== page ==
Tagliatelle with shredded beef and gorgonzola cheese

One thing that stands out with food here is how colorful and resentful the plating on dishes is, especially with how noticeable they are given their portion sizes. Since portions seem a bit smaller here, it appears much of the empty canvas of the plate is left as room to decorate both the food and the plate itself. The NY strip and bone marrow executes this very well, presented as if’s art somehow. Besides all the microgreens on the plate, and broccoli serving as a bed for a piece of meat about the size of an adolescent closed fist, there seems to be a little too much room for presentation and not quite enough for food. One singular, almost thin as a playing card thousand layered potato covered in green and white dots of puree, sits atop a very gelatinous, very grainy bone marrow covered in chimichurri.

Despite the potato being so thin, it’s seasoned well and has a nice crisp to it. The steak is cooked perfectly to medium rare, very tender and seasoned well. The bone marrow seems a little lost in translation though. I’m no stranger to bone marrow but normally it has a smooth, fatty, almost buttery like feel to it. Sadly, the bone marrow here felt like I am biting into something which had the consistency of a singular Nerds candy, and even worse was that it had no taste to it. The chimichurri helps give it flavor somewhat, but it’s almost extremely hard to mess up chimichurri, it’s great on literally everything.

NY strip steak with bone marrow and potato

The next entrée seemed to have a bit more fun with both plating and flavors, and it certainly payed off. One piece of dry aged duck about the size of a chicken tender sits atop a bed of summer squash, decorated with blackberry puree next to it and a jus atop the duck. The duck itself is very tender and moist, with a good crunch of crispy skin to go with it as well. The blackberry puree provides a nice contrast of sweetness to compliment the duck. I’d go so far as to even prefer it more than its traditional orange sauce. One would call this dish duck two ways, as the makeshift drumstick next to the duck contained shredded duck meat inside it as well. The presentation with both the bone and the wrapping to make it seem like a drumstick was a neat trick. The wrapping used for the drumstick was flaky, almost reminiscent of fried empanada dough. Together with tender, juicy duck meat and a nice fried crust makes for a delicious lollipop duck treat.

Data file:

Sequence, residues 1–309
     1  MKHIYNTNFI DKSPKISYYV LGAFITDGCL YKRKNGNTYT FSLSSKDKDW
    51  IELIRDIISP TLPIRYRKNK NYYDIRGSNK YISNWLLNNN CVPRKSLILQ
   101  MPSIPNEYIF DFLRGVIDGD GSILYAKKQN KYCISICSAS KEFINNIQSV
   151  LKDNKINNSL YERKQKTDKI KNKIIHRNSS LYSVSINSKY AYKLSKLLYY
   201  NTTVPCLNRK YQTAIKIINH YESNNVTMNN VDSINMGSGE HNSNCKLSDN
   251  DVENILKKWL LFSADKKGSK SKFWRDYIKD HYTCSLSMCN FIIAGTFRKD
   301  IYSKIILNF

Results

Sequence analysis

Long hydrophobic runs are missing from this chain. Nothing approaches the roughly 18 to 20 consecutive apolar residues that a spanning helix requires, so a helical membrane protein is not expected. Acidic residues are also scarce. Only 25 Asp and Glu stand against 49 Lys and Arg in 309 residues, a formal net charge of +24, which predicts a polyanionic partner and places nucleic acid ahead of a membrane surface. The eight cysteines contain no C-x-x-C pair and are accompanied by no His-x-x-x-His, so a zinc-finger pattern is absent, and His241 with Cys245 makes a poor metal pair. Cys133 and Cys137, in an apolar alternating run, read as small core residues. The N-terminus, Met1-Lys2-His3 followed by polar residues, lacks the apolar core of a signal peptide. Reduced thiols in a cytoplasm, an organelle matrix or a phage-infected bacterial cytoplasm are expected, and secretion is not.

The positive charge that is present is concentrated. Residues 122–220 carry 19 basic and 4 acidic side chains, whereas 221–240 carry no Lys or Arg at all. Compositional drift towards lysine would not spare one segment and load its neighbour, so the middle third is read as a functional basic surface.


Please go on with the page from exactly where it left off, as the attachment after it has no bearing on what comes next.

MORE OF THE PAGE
Duck two ways; summer squash, blackberry jus

As always at times, a meal would feel incomplete without dessert, especially one this satisfying. Imagine taking a bite out of a warm chocolate and vanilla tart drizzled with honey and topped with vanilla ice cream. The tart alone by itself is fantastic, being supported by it’s thin crust, you really taste the richness of the custard inside the tart, and the chocolate atop providing decadent sweetness. Adding a dollop of ice-cream atop really brings the whole dessert together; I wish I could have devoured at least 3 of them alone.

Warm chocolate tart with vanilla ice cream and honey

Coming to L’Accolade was an interesting experience to say the least, especially eating at a Néo-Bistrot for the first time. While I was attracted to the menu before seeing the food due to all the words, my reality was a little bit shattered by how small the portion sizes were. Prices seem somewhat reasonable thanks to the prix fixe option, but don’t expect to leave feeling full. You’ll probably find yourself visiting a nearby fast-food restaurant to make up the rest of your appetite. Despite this, everything besides the bone marrow tasted good; great even. Portion sizes aside, I recommend coming for the experience and to try a take on French bistro cuisine if you have not before and have money to spare.  It’ll be a somewhat fancy twist on date night if you bring your partner to enjoy the experience with, and not too pricey either. To me, L’Accolade gets a 7.8 out of 10.